By Chris Granger, Class of 1966
In the summer of 2009, I became involved with fellow Fredonia alumni and friends to bring the Theodore Frazeur Percussion Scholarship to full endowment. In the process, I worked with the Fredonia College Foundation and communicated with many alumni that had been under the direction of Theodore Frazeur, the now-retired founder of the School of Music's percussion program. Those communications provided me with the opportunity to reflect on my own experiences at Fredonia and assess how the time I spent there affected so many aspects of my adult life.
First and foremost were my interactions with Ted. In addition to his instruction in percussion, he also taught key curriculum courses such as Music History. What Ted Frazeur provided was a foundation for excellence. That foundation comprised four simple, yet important, facets: pursuit of excellence, preparation, execution and knowledge sharing. As my career migrated away from music to my current discipline, I found those four elements fundamental to my success.
I could end this story right here, having provided ample reason for my joining the Dallas K. Beal Legacy Society. Yet there is so much more to my "Fredonia Story." Consider this for a moment:
"We are living in a civilization where knowledge, technical information, and mechanical facts and problems are increasing at an alarming rate. Consequently, it is a must for everyone to acquire a maximum of knowledge, ‘know how' and skill to combat and synchronize himself with the developing and evolving environment."
- Dr. Harry A. King
You may be surprised to learn that this quote appeared in the 1966 Fredonian; it provided a stern demand at the time and Fredonia was up to the task. In addition to the music curriculum, I acquired a solid understanding of science and history and an enduring love of literature, art and (as a surprise) mathematics; all of those fulfilling the challenge presented by Dr. King. When my career took a dramatically different path than I expected, it seemed as if Dr. King's prophetic quote had silently guided me. It was the very foundation provided at Fredonia that facilitated my adaptation to a completely new field of endeavor.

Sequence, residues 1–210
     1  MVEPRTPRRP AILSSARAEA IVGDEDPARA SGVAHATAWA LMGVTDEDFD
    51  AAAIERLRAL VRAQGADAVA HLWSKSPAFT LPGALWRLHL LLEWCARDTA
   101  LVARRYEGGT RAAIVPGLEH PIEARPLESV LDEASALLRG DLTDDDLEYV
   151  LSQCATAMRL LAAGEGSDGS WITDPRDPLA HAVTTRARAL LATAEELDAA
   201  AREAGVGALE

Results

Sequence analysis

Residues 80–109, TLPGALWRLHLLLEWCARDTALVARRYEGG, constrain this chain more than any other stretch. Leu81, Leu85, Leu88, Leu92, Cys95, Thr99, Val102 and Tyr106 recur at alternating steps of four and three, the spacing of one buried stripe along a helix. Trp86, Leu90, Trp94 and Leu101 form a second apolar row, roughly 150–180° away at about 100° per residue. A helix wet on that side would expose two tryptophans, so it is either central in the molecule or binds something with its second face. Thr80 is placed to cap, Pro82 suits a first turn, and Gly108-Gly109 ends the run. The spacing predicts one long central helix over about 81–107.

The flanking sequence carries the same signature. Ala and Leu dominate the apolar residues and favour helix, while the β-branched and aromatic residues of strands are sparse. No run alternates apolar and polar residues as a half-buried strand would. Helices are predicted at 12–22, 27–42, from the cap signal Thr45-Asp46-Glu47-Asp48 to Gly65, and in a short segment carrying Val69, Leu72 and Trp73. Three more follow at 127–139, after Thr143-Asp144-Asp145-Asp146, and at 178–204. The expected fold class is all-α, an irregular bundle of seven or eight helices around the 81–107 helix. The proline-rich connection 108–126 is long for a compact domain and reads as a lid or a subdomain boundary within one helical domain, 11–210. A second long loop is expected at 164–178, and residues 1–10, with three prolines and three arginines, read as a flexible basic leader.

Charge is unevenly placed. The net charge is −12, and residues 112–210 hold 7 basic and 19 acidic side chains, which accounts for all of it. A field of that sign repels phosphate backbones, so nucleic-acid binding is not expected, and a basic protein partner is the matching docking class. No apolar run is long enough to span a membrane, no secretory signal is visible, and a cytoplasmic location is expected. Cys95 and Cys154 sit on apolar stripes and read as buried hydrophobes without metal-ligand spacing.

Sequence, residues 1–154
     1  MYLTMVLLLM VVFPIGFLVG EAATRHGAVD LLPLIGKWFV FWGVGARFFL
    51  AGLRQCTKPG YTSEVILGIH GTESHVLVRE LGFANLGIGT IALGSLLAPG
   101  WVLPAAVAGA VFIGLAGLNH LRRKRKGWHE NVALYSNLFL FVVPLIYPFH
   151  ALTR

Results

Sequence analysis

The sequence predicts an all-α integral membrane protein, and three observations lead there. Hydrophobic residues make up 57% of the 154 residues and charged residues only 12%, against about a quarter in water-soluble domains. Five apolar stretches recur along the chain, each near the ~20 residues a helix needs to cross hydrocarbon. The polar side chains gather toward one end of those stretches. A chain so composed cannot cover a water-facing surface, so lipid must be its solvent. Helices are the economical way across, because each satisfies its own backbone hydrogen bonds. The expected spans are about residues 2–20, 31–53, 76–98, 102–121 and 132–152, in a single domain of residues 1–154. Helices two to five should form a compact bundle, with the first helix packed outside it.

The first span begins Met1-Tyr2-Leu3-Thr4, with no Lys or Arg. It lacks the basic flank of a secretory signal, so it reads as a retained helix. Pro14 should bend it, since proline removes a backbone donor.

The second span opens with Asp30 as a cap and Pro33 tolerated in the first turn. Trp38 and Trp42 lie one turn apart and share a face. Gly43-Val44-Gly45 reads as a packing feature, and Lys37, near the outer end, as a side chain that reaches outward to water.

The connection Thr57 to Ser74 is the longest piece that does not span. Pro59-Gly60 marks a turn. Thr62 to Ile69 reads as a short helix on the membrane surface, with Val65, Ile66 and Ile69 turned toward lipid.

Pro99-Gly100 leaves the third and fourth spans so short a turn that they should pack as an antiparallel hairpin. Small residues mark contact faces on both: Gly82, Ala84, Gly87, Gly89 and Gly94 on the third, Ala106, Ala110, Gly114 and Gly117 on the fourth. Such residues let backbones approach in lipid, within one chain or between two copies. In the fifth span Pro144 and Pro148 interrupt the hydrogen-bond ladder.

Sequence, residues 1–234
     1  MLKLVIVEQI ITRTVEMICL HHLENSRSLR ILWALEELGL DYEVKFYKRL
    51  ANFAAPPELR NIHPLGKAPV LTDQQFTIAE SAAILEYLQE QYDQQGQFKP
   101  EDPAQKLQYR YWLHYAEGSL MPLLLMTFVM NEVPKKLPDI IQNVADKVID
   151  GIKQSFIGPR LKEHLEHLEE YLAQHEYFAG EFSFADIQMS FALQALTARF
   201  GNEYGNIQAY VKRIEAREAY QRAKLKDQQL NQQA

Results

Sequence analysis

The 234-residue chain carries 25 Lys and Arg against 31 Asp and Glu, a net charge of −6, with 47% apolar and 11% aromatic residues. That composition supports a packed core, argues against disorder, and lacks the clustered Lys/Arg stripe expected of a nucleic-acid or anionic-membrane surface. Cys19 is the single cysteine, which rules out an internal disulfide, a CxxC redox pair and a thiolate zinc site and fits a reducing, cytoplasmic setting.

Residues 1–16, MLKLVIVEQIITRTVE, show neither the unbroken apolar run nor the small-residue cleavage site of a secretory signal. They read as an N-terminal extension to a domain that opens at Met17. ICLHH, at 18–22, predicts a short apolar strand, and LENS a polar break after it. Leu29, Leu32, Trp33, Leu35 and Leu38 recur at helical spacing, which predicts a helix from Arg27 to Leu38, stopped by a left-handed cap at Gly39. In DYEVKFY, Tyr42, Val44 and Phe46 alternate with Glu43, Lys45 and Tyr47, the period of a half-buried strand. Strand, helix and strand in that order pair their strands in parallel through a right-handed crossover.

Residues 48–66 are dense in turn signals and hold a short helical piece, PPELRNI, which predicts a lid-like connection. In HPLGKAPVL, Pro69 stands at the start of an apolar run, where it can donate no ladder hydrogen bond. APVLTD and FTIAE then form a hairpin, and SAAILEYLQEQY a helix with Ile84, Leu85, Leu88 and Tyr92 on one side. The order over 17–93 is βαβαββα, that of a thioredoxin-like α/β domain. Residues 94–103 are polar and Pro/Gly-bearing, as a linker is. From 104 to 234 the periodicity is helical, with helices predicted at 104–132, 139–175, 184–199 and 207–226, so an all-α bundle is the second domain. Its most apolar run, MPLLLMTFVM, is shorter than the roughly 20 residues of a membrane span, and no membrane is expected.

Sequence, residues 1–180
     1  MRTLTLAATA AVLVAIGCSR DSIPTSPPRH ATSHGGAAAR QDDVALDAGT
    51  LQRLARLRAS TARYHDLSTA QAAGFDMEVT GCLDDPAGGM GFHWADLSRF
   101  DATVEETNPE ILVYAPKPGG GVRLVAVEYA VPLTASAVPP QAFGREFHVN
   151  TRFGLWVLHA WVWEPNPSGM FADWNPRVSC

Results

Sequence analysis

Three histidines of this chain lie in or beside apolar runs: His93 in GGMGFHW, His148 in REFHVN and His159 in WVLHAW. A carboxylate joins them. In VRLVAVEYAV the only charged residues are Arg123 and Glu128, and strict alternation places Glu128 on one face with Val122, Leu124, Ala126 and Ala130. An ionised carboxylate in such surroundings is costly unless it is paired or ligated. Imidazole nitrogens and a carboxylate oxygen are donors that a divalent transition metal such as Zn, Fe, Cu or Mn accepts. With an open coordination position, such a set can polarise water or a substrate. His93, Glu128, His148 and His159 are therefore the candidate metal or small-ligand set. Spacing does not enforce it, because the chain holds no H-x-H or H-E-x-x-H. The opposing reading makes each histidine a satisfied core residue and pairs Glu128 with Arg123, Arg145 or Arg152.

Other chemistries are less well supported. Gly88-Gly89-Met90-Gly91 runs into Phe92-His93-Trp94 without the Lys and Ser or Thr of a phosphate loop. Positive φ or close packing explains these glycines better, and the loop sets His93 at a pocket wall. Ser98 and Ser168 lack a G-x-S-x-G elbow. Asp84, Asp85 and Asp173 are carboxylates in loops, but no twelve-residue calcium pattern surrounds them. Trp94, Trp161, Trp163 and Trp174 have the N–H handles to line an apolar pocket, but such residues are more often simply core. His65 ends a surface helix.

Blending Old and New
In Fall 2006, I returned to visit Fredonia after a long absence. While the physical aspects of the campus had changed dramatically, I was pleased with how the ‘old' had been preserved and blended with the ‘new,' and that the close and intimate aspect of the campus had been maintained.
In 2009, I realized that the Dallas K. Beal Legacy Society offers an excellent opportunity to continue my own Fredonia Story. Working with the Fredonia College Foundation, I created the Christian Granger, '66 Graduate Percussion Award, designed to support percussion majors pursuing an advanced degree. Adding the Fredonia College Foundation to my will with provisions for added support for this award will assure funding of this endowment fund at a level I may not be able to accomplish during my lifetime. In this way, I can continue to support the Fredonia Story — now, and in the future.
I looked forward to attending Homecoming Weekend this fall and meeting the first recipient of the Granger, '66 Graduate Percussion Scholarship.
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